EPA Honors U.S. Virgin Islands Environmental Champions

New York, N.Y. — The U.S. Environmental Protection Agency today announced that it has honored three individuals and organizations from across the U.S. Virgin Islands with Environmental Champion Awards for their achievements in protecting public health and the environment. EPA Regional Administrator Judith A. Enck was joined by Donovan Richards, Chair of the New York City Council’s Committee on Environmental Protection, to present the awards to this year’s recipients at a ceremony at the EPA’s offices in Manhattan. 

“The EPA is thrilled to honor the work of these environmental trailblazers,” said Regional Administrator Judith A. Enck. “These Virgin Islanders work tirelessly to protect human health and the environment, inspiring us all to strive for a more sustainable future.”

The Environmental Champion Award winners from the U.S. Virgin Islands (in alphabetical order) are:
Caribbean Solar Company
St. John, U.S. Virgin Islands

Since its founding in 2012, Caribbean Solar Company has installed over 500,000 watts of solar energy and helped offset 576 tons of CO2. The company built a reputation as a high quality solar installer in the Virgin Islands. The Islands have one of the highest electricity rates in the world and alternatives, such as solar energy, can make the utility considerably more affordable. Caribbean Solar Company provides financing options that offer the possibility of going solar to a broad base of island residents.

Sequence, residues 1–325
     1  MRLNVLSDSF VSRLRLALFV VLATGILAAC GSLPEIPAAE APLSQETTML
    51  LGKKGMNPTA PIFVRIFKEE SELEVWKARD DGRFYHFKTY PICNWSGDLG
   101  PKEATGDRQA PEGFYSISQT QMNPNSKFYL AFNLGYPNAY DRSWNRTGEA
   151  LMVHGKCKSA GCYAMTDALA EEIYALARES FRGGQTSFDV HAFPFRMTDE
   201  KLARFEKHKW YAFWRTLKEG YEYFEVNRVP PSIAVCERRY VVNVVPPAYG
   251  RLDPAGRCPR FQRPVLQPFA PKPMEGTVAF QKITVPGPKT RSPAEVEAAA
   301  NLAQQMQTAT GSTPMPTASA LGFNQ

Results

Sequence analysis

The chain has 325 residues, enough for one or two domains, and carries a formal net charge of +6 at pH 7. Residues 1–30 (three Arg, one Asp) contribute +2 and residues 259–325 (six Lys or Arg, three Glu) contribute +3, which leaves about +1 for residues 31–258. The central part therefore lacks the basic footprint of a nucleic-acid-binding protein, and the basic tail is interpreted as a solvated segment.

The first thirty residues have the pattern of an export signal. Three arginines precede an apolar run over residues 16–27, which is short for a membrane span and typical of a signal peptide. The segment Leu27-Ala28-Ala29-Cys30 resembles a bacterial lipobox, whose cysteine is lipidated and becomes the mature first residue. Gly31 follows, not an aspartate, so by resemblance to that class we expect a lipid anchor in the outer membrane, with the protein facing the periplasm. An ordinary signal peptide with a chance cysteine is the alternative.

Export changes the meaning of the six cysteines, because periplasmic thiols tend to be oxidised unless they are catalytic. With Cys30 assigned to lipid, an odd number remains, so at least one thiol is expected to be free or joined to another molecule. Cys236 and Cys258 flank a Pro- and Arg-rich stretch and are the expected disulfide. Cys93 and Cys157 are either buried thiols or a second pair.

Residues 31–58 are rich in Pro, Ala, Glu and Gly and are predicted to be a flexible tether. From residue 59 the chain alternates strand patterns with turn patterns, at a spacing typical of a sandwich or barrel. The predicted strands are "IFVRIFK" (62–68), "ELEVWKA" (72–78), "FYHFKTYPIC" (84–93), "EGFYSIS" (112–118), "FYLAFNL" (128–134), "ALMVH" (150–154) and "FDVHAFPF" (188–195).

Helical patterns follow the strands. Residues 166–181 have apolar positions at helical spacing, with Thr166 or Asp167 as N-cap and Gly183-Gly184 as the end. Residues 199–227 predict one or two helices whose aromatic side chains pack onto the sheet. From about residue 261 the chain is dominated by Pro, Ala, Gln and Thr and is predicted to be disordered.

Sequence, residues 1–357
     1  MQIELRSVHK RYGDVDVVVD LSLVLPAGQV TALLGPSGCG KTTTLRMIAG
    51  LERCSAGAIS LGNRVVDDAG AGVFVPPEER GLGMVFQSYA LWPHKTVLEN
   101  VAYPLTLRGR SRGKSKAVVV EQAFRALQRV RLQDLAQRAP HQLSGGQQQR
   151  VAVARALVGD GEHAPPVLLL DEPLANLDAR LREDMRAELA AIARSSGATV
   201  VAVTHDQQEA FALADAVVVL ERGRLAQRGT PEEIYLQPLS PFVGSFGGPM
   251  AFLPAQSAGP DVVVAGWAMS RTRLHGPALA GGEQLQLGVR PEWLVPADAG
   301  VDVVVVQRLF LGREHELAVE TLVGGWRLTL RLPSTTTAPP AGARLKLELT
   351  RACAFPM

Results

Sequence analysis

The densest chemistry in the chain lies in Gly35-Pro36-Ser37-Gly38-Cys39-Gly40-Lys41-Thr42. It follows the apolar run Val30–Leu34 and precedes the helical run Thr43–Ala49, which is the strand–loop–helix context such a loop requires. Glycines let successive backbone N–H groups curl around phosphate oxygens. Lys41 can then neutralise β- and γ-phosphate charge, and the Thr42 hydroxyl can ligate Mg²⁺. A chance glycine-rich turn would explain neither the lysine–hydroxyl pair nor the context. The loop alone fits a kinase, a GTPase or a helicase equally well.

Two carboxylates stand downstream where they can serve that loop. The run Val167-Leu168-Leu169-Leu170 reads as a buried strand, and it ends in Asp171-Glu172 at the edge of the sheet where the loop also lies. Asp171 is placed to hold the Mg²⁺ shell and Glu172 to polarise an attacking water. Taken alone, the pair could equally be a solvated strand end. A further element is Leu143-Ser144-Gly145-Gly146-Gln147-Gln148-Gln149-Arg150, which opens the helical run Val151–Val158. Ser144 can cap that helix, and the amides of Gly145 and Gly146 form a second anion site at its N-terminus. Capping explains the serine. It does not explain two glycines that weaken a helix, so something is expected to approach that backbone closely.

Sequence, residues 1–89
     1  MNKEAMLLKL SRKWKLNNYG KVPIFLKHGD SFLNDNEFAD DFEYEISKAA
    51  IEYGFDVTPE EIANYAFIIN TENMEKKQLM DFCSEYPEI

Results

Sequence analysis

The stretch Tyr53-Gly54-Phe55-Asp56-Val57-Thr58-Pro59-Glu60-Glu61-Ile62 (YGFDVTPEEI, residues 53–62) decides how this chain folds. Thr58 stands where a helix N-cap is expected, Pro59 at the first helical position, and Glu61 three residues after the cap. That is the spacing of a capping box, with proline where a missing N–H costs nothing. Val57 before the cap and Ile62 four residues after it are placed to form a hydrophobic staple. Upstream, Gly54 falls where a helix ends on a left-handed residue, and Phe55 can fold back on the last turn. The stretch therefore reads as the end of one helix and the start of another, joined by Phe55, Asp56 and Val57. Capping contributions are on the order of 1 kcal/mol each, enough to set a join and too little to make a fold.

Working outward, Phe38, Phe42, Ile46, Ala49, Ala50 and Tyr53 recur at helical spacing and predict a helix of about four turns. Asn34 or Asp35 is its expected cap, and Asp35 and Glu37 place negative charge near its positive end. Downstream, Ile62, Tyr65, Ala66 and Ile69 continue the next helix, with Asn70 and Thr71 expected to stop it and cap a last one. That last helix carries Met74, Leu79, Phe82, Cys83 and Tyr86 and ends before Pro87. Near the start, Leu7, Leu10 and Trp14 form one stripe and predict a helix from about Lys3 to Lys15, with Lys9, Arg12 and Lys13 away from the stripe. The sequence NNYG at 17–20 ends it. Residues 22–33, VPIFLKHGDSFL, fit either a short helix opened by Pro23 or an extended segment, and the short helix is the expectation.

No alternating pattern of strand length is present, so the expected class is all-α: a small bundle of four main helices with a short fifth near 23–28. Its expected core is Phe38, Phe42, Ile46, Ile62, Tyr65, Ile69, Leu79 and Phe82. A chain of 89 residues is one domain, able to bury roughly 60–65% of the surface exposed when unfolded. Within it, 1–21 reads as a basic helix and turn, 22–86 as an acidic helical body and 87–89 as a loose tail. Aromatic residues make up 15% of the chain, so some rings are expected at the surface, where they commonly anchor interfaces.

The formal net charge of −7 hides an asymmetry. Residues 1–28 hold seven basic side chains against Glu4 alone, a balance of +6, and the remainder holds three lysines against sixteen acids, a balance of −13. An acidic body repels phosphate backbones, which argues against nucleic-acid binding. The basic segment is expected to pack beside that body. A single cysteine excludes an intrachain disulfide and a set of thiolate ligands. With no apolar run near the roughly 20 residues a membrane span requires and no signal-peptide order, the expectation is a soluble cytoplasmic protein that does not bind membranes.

Mario A. Francis
U.S. Virgin Islands Urban & Community Forestry Council, Inc.
St. Thomas, U.S. Virgin Islands

Mario A. Francis is Chairman of the Urban and Community Forestry Council in the U.S. Virgin Islands for the past two decades. He created the Council’s newsletter, The Tree Speaker, and has represented the Council at many local, regional and national conferences. More than 20 years ago he founded the Junior Gardening and Ecology Academy, an eight-week annual summer course that teaches children ages 6-15 about the environment and sustainability. Campers do everything from kayaking to dolphin watching to gardening.

The Nature Conservancy
St. Croix, U.S. Virgin Islands

Since 1995, the Nature Conservancy’s USVI Program, has worked to protect and restore priority conservation areas, helped recover important native species, and provided scientific assessments and training to islanders. Most recently, the Conservancy has grown thousands of endangered staghorn and elkhorn coral in USVI nurseries and is placing 20,000 coral back onto coral reefs this year. The Conservancy also helped launch the USVI Reef Responsible Sustainable Seafood Initiative and certified over a dozen local restaurants to date.

For more details, visit: http://www.epa.gov/region02/eqa

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